Now we have one loop, but four comparison tests. There are two ways we could improve it further: either use fewer comparisons in each iteration, or use two loops that each contain only one comparison test. The simplest solution is often the best:

values = [-2,1,65,78,-54,-24,100]
smallest = min(values)
largest = max(values)
print(smallest, largest)

Using Functions With Conditionals in Pandas

Functions will often contain conditionals. Here is a short example that will indicate which quartile the argument is in based on hand-coded values for the quartile cut points.

def calculate_life_quartile(exp):
    if exp < 58.41:
        # This observation is in the first quartile
        return 1
    elif exp >= 58.41 and exp < 67.05:
        # This observation is in the second quartile
       return 2
    elif exp >= 67.05 and exp < 71.70:
        # This observation is in the third quartile
       return 3
    elif exp >= 71.70:
        # This observation is in the fourth quartile
       return 4
    else:
        # This observation has bad data
       return None

calculate_life_quartile(62.5)
2

That function would typically be used within a for loop, but Pandas has a different, more efficient way of doing the same thing, and that is by applying a function to a dataframe or a portion of a dataframe. Here is an example, using the definition above.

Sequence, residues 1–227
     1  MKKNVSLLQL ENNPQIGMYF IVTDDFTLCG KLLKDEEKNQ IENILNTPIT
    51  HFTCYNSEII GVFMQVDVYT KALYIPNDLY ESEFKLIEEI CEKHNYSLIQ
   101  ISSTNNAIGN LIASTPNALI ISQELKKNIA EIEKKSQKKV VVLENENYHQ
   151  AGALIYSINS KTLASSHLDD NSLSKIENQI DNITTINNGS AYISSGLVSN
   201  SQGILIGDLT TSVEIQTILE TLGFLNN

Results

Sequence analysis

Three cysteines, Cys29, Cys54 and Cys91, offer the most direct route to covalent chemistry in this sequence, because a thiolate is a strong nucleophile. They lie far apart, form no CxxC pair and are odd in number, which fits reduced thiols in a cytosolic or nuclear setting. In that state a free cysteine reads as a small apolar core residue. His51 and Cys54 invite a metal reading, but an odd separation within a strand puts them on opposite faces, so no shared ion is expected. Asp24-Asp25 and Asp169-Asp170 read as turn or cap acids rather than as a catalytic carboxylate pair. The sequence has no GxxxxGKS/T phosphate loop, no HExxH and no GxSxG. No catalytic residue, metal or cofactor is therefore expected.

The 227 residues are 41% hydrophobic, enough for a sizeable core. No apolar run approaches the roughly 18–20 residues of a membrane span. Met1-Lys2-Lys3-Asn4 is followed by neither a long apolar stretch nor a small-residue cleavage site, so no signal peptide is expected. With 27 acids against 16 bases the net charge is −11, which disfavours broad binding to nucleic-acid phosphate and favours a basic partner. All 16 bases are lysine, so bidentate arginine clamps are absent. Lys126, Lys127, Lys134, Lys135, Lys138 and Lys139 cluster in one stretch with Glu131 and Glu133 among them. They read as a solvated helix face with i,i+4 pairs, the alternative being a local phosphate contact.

data = pd.read_csv('data/gapminder_all.csv')
data['life_qrtl'] = data['lifeExp_1952'].apply(calculate_life_quartile)

There is a lot in that second line, so let’s take it piece by piece. On the right side of the = we start with data['lifeExp'], which is the column in the dataframe called data labeled lifExp. We use the apply() to do what it says, apply the calculate_life_quartile to the value of this column for every row in the dataframe.

Key Points

  • Use if statements to control whether or not a block of code is executed.

  • Conditionals are often used inside loops.

  • Use else to execute a block of code when an if condition is not true.

  • Use elif to specify additional tests.

  • Conditions are tested once, in order.

  • Create a table showing variables’ values to trace a program’s execution.